Svidler Going for 7th Russian Title
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Peter Svidler is the sole leader after four rounds at the Russian Championship in Nizhny Novgorod. Winning three games and drawing one, the six-times Russian Champion is half a point ahead of Nikita Vitiugov. World's number 2 Vladimir Kramnik suffered one loss and is on 2.5 points.
The Superfinal of the Russian Championship started on Saturday in Nizhny Novgorod. Often just called "Nizhny", it's the fifth largest city in Russia and the administrative center of Nizhny Novgorod Oblast. Wikipedia also informs that from 1932 to 1990, it was known as Gorky, after the writer Maxim Gorky who was born there.
The tournament runs 5-15 October and is held in the Rukavishnikov Museum. When you say "Russia", "chess" and "museum", you're saying Gennady Timchenko, and indeed the billionaire and art lover, who also co-sponsored the Anand-Gelfand match and the Alekhine Memorial, supports this year's Superfinal of the Russian championship, together with his wife Helen.
The top favourites are GMs Vladimir Kramnik, Peter Svidler and Sergey Karjakin, who will fight it out in a 10-player round robin that also has GMs Dmitry Andreikin, Ernesto Inarkiev, Nikita Vitiugov, Ian Nepomniachtchi, Alexander Motylev, Anton Shomoev and Aleksey Goganov.
The tournament had a spectacular start with five decisive games in the first round. Especially Vladimir Kramnik's white game was just wonderful and yes, we deem it prudent to use that famous cliché, "in the style of Mikhail Tal"!
Dmitry Andreikin once again defeated Sergey Karjakin, just like he did at the World Cup. This time, with White he didn't play an irregular 1.d4 line, but an irregular line in the Queen's Indian! Yet another possibility to throw in an early h2-h4:
In the second round, Ian Nepomniachtchi defeated Dmitry Andreikin in a bit of a funny 3...c5 Advance Caro-Kann. Not all the manoeuvres are easy to explain but it's clear that White got a big advantage thanks to the moves 25.g3 and 26.h4; from there even a solid player like Andreikin couldn't save himself.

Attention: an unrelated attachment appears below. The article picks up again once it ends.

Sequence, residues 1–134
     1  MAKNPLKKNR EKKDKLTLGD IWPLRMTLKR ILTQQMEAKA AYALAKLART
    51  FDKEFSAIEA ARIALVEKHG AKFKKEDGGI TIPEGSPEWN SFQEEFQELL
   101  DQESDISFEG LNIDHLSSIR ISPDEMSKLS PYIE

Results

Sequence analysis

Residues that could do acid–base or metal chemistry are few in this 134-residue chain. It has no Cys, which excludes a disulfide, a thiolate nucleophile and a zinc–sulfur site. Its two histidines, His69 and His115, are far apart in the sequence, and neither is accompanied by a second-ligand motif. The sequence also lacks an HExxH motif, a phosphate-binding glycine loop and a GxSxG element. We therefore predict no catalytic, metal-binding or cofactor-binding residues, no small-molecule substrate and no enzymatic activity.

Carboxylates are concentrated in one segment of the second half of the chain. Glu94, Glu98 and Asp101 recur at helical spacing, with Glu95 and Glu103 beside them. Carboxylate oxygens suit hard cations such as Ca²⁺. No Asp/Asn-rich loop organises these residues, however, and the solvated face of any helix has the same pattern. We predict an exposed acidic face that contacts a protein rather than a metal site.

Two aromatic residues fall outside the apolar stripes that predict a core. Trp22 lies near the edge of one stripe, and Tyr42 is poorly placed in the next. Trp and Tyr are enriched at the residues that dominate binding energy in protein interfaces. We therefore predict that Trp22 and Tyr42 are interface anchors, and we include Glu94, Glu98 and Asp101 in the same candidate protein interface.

In the only other decisive game, Nikita Vitiugov outplayed Alexander Motylev from an almost equal endgame:
On Monday there were again two decisive games. Peter Svidler beat Anton Shomoev from a Queen's Indian where Black pushed a pawn to b3 early on, but eventually, with his knight being worse than White's bishop, this pawn was doomed to fall.
Andreikin struck back the next day with an excellent win over Vladimir Kramnik. The opening variation, a sideline of the Berlin that avoids the infamous ending, is supposed to be harmless for Black but somehow Andreikin managed to win a pawn, and eventually the game.
Motylev-Karjakin was quite a nice draw in a Four Knights, but all theory:
Seven Russian chess titles would be an amazing feat, but Peter Svidler might just do it. On Tuesday the grandmaster from St Petersburg grabbed sole lead after beating Dmitry Andreikin from a Berlin Ruy Lopez where White skillfully created a 1.d4 type of middlegame.
Vladimir Kramnik defeated Aleksey Goganov after reaching a Sicilian Dragon with 1.Nf3. Well, with his pawn sacrifice ...e6 and ...d5 Shomoev avoided real a Dragon, but it doesn't look correct and it's a joy to watch Kramnik's technique.
Russian Championship Superfinal | Round 4 standings
Alongside the men, there's also a women's group with GM Valentina Gunina, WGM Alina Kashlinskaya, WGM Baira Kovanova, WGM Natalija Pogonina, GM Tatiana Kosintseva, IM Ekaterina Kovalevskaya, WGM Daria Charochkina, GM Alexandra Kosteniuk, IM Anastasia Bodnaruk, and WGM Aleksandra Goryachkina. After four rounds, Gunina and Kovanova are tied for first place with 3.5 points.
Gunina won a nice game in round 4, where she got three minor pieces for a queen: